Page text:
It’s easy to fall into the trap of believing we should know the answer, especially, when we’re leaders and managers in organizations.  And while most would agree with me in concept, they would reject my statement in practice.

In other words, when was the last time someone you supervise came to you with a question that you said, “I don’t know.”  And not the kind of question involving odd company policies on HR procedures, or antiquated payroll tax issues for international ex-patriots.  No, something more simple.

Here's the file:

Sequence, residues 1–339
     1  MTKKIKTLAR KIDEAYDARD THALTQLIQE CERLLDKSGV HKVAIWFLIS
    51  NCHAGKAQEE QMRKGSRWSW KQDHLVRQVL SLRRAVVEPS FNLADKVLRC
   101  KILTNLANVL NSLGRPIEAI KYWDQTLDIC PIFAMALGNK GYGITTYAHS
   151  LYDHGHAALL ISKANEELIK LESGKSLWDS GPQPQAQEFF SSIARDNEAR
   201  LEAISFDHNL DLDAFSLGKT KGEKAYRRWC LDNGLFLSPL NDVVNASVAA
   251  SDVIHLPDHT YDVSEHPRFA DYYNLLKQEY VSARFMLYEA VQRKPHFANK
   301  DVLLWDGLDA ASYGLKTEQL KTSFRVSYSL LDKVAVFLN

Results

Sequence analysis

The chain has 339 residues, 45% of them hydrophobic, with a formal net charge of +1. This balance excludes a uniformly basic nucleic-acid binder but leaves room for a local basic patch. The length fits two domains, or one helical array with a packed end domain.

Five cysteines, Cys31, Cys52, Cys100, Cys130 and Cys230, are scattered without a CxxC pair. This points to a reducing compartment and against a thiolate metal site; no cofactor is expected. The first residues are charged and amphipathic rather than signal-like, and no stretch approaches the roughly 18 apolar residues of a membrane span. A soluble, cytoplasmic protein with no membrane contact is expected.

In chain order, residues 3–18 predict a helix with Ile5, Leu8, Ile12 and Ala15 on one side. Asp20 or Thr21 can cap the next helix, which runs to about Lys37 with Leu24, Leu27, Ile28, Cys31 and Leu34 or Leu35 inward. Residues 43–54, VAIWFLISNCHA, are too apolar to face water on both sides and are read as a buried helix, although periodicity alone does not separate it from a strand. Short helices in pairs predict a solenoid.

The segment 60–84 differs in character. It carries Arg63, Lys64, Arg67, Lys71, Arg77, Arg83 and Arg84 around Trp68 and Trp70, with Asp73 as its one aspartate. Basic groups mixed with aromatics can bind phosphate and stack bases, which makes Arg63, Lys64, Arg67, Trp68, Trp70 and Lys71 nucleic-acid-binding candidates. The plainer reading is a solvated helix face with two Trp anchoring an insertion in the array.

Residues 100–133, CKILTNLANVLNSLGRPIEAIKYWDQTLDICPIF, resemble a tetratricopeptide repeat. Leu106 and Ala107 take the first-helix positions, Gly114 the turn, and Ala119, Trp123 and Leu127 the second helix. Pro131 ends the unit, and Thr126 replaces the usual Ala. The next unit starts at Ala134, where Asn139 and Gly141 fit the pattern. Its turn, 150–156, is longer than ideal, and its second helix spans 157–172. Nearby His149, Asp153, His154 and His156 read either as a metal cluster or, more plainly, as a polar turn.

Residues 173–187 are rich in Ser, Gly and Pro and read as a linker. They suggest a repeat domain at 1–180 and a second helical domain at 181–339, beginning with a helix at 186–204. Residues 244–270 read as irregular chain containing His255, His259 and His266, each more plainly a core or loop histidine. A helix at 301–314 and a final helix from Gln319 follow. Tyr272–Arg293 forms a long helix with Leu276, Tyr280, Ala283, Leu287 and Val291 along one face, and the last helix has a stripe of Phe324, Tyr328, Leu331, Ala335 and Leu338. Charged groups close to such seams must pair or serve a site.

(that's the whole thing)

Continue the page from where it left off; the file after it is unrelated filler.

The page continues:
Or did you feel the urge to give an answer even if you dressed it up as just an opinion?

Have you ever rejected, as truth, the notion that consultants could never benefit your business?  Have you hired coaches who couldn’t possibly know how to help you?  When was the last time you wanted to learn about a topic that wasn’t highlighted by someone above you in the organizational pecking order?

It’s powerful to invite others to advise you and speak into your life.  What you do with that counsel is up to you, but only accepting input from your boss isn’t accepting input, it’s just organizational survival.

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